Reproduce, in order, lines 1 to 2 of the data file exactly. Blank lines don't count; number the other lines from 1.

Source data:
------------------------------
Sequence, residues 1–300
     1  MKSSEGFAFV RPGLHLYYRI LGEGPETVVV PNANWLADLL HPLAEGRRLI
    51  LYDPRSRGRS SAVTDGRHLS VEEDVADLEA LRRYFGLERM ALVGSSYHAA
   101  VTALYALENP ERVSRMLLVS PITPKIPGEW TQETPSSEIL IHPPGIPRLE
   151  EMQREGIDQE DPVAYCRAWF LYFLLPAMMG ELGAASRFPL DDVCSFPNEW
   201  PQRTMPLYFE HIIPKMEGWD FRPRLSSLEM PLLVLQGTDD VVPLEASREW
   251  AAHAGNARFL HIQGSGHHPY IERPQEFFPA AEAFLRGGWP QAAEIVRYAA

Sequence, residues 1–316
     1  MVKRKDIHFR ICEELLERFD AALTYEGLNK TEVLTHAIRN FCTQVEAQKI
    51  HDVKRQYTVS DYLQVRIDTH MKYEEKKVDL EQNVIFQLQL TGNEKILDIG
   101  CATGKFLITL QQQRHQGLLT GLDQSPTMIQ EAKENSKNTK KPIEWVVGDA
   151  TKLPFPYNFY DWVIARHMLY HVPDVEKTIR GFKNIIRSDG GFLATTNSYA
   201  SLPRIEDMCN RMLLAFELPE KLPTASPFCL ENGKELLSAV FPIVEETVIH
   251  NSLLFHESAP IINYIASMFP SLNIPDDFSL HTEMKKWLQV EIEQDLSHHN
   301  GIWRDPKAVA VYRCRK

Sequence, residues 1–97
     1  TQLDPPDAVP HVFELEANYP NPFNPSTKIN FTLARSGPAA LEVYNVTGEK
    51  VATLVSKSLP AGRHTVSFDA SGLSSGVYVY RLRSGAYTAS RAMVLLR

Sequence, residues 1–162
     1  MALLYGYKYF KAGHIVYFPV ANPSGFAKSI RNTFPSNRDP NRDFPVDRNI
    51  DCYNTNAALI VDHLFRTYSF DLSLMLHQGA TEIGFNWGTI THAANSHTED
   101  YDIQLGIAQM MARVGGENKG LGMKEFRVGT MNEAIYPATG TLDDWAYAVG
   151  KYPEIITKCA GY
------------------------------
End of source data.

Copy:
Sequence, residues 1–300
     1  MKSSEGFAFV RPGLHLYYRI LGEGPETVVV PNANWLADLL HPLAEGRRLI